Ron: Robin Williams used to do jumping jacks before going on stage at comedy clubs. If I feel the need to shake off my nerves and boost my energy before I speak, I love to do jumping jacks, too!

Research shows that one of the best ways to overcome your anxiety is to become excited! [1] And jumping jacks get your endorphins pumping without working up a sweat.

 

Katrina: You talk a lot about the importance of “investing” into yourself. Why should people  work on their public speaking skills?

Ron: When I was an MBA student, I met billionaire Warren Buffett in Omaha, Nebraska. When asked what his best investment was, he said that it was “investing in himself” — especially in developing his public speaking skills.

Warren Buffett studied at Wharton and Columbia, but he doesn’t hang up those degrees on his wall. Instead, he only displays his certificate from a public speaking course, and he says that it was the best education he ever received!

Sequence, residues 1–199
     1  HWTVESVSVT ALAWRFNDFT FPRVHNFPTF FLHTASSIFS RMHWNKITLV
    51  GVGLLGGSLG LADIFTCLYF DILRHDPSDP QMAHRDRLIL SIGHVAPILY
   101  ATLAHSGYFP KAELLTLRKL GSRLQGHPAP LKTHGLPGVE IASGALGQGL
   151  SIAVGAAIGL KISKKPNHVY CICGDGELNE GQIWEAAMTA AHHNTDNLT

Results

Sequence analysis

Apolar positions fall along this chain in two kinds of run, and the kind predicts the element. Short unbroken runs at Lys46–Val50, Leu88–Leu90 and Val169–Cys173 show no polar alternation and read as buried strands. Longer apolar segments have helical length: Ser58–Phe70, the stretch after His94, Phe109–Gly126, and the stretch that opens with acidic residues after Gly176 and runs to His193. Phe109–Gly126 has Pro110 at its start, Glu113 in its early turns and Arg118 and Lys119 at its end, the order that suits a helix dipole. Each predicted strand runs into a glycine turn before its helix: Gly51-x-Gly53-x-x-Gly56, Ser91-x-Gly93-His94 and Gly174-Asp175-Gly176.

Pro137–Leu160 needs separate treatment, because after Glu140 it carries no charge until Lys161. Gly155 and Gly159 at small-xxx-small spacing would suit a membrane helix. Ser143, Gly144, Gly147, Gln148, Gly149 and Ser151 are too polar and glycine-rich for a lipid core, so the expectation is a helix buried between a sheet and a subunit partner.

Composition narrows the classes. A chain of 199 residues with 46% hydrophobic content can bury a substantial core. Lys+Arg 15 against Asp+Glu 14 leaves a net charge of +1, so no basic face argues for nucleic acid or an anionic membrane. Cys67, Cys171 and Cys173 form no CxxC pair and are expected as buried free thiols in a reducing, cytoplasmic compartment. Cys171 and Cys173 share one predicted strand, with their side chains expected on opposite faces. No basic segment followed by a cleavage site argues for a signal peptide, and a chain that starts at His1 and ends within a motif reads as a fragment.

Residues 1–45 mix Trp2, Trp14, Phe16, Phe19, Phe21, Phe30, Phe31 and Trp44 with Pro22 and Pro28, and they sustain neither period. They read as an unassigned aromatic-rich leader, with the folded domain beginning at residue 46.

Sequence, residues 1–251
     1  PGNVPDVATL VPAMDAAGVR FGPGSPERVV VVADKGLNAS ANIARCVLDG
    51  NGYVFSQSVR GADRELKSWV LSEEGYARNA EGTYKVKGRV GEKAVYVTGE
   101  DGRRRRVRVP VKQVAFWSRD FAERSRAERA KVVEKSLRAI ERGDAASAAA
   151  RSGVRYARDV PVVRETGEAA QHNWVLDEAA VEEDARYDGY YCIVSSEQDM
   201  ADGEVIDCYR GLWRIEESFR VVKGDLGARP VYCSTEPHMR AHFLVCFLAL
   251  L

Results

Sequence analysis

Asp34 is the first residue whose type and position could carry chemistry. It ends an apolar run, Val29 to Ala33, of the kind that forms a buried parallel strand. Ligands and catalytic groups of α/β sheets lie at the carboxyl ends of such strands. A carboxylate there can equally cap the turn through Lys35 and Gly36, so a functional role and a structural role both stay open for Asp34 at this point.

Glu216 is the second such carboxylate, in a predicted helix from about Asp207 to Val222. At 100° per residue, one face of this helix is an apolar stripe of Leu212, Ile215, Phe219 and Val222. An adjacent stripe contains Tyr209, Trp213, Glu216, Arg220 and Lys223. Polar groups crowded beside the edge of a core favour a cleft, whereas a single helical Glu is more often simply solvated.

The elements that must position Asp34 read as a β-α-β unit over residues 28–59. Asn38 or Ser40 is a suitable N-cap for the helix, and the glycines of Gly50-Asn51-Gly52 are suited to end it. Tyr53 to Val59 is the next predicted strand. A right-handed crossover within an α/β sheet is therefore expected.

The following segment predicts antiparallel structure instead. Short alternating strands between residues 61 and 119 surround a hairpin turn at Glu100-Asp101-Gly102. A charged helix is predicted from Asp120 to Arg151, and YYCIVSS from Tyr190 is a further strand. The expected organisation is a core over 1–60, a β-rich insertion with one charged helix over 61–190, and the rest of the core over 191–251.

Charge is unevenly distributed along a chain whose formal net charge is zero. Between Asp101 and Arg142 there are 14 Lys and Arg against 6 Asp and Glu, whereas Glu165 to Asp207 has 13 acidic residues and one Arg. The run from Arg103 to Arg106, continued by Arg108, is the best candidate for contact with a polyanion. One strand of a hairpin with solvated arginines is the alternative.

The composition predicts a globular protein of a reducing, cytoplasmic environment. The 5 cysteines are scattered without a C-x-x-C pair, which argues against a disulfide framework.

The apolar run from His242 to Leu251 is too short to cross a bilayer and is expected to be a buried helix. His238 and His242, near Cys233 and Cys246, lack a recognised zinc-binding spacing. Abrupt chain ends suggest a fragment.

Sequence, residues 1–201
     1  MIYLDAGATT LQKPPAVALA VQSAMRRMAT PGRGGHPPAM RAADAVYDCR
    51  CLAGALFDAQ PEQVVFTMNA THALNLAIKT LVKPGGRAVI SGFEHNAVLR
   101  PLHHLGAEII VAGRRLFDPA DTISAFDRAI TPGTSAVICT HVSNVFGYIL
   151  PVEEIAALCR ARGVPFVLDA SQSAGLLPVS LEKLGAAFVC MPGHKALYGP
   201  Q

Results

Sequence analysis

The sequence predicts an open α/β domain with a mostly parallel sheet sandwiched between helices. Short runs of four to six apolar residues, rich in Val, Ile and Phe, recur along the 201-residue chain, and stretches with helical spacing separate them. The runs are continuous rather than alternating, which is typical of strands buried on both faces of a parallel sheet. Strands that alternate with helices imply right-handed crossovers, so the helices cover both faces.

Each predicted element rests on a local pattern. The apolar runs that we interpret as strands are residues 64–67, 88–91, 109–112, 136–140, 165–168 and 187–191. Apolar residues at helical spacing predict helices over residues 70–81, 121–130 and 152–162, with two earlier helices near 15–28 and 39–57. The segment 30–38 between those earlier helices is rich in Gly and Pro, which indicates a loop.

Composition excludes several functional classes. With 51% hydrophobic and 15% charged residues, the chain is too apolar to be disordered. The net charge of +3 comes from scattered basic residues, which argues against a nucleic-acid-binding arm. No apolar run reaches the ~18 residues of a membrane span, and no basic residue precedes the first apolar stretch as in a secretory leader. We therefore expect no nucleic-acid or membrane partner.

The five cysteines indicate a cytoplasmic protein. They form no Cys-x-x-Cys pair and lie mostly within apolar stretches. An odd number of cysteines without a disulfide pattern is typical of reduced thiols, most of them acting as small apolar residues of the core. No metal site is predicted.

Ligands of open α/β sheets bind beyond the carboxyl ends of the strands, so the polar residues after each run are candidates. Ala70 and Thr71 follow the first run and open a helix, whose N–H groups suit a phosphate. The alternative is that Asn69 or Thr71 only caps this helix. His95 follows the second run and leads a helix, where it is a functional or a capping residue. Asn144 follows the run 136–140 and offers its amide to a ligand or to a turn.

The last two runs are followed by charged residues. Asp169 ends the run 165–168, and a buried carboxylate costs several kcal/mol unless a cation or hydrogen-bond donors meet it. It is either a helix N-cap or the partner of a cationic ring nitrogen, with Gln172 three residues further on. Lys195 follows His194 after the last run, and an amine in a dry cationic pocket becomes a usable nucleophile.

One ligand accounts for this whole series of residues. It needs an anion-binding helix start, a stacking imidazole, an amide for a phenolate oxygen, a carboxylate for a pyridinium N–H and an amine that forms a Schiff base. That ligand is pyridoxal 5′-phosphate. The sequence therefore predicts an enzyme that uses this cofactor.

Many employers agree. In a recent survey, 88% of IT professionals said that they need to be effective business communicators in the future in order to be successful. [2] And according to a recent survey from Oxford Economics, the skills that employers will need the most in the next 5 to 10 years are strong interpersonal and communication skills. [3] 

 

Katrina: How important is it to buy into the idea of the message you’re speaking about?

Ron: It’s often said that “the first sale is always to yourself.” If you’re not convinced by an idea or message in your presentation, how can you expect to convince others?

Audiences subconsciously pay attention to the tone of your voice and to your body language, and they tend to notice if you don’t believe what you’re saying.

 

Katrina: You talk about being excellent rather than perfect, which I totally agree with. But it’s much easier said than done. Two questions here- Why do you preach that approach and how can Type A people get over perfection?